Following a report on this invention by Paul Delaroche, a leading scholar of the day, the French government bought the rights to it in July 1839. Details of the process were made public on 19 August 1839, and Daguerre named it the Daguerreotype.
The announcement that the Daguerreotype "requires no knowledge of drawing...." and that "anyone may succeed.... and perform as well as the author of the invention" was greeted with enormous interest, and "Daguerreomania" became a craze overnight. An interesting account of these days is given by a writer called Gaudin, who was present the day that the announcement was made.
However, not all people welcomed this exciting invention; some pundits viewed in quite sinister terms. A newspaper report in the Leipzig City Advertiser stated:
"The wish to capture evanescent reflections is not only impossible... but the mere desire alone, the will to do so, is blasphemy. God created man in His own image, and no man- made machine may fix the image of God. Is it possible that God should have abandoned His eternal principles, and allowed a Frenchman... to give to the world an invention of the Devil?"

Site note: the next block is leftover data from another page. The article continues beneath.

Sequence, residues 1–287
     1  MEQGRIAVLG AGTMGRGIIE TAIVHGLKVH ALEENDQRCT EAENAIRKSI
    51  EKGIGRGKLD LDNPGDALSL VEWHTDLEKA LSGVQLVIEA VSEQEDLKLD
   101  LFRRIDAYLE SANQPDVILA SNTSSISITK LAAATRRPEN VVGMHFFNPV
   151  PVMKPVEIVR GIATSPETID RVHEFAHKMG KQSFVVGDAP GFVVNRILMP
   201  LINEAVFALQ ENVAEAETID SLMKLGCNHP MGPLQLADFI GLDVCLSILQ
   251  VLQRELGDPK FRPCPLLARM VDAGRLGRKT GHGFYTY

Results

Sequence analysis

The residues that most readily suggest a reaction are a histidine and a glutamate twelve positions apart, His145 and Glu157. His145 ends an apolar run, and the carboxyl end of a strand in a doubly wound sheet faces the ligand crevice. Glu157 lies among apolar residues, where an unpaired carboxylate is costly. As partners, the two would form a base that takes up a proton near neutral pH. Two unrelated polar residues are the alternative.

At that time some artists saw in photography a threat to their livelihood (see Artists and Photography), and some even prophesied that painting would cease to exist.
The Daguerreotype process, though good, was expensive, and each picture was a once-only affair. That, too many, would not have been regarded as a disadvantage; it meant that the owner of the portrait could be certain that he had a piece of art that could not be duplicated. If however two copies were required, the only way of coping with this was to use two cameras side by side. There was, therefore, a growing need for a means of copying pictures which daguerreotypes could never satisfy.
Different, and in a sense a rival to the Daguerreotype, was the Calotype invented by William Henry Fox Talbot, which was to provide the answer to that problem. His paper to the Royal Society of London, dated 31 January 1839, actually precedes the paper by Daguerre; it was entitled "Some account of the Art of Photogenic drawing, or the process by which natural objects may be made to delineate themselves without the aid of the artist's pencil." He wrote:
"How charming it would be if it were possible to cause these natural images to imprint themselves durably and remain fixed on the paper!"